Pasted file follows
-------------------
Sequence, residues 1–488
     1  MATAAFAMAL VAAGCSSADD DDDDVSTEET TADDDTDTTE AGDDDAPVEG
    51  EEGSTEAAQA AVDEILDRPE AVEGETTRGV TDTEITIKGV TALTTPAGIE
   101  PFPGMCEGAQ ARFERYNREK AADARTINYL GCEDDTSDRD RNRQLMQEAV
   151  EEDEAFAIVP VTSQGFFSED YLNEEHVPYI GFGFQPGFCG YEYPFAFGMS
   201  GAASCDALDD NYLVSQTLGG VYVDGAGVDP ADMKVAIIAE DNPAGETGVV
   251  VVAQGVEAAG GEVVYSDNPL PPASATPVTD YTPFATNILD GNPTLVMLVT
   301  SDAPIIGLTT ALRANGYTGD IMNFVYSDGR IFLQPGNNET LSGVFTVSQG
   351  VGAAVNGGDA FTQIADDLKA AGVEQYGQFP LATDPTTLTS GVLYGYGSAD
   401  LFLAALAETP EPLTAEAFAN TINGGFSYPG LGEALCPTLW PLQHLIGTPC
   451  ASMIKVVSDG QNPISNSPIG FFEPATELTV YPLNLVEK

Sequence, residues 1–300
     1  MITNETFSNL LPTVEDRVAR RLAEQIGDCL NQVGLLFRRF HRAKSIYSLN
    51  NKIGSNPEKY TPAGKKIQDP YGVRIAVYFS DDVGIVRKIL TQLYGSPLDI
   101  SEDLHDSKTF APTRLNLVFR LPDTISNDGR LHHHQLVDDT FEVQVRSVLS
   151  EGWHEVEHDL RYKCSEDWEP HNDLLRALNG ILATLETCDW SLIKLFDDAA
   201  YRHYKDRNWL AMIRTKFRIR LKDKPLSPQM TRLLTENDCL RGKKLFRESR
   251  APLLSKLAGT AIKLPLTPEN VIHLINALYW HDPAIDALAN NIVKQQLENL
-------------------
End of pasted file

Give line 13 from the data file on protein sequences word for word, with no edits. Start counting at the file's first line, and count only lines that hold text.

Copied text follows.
     1  MITNETFSNL LPTVEDRVAR RLAEQIGDCL NQVGLLFRRF HRAKSIYSLN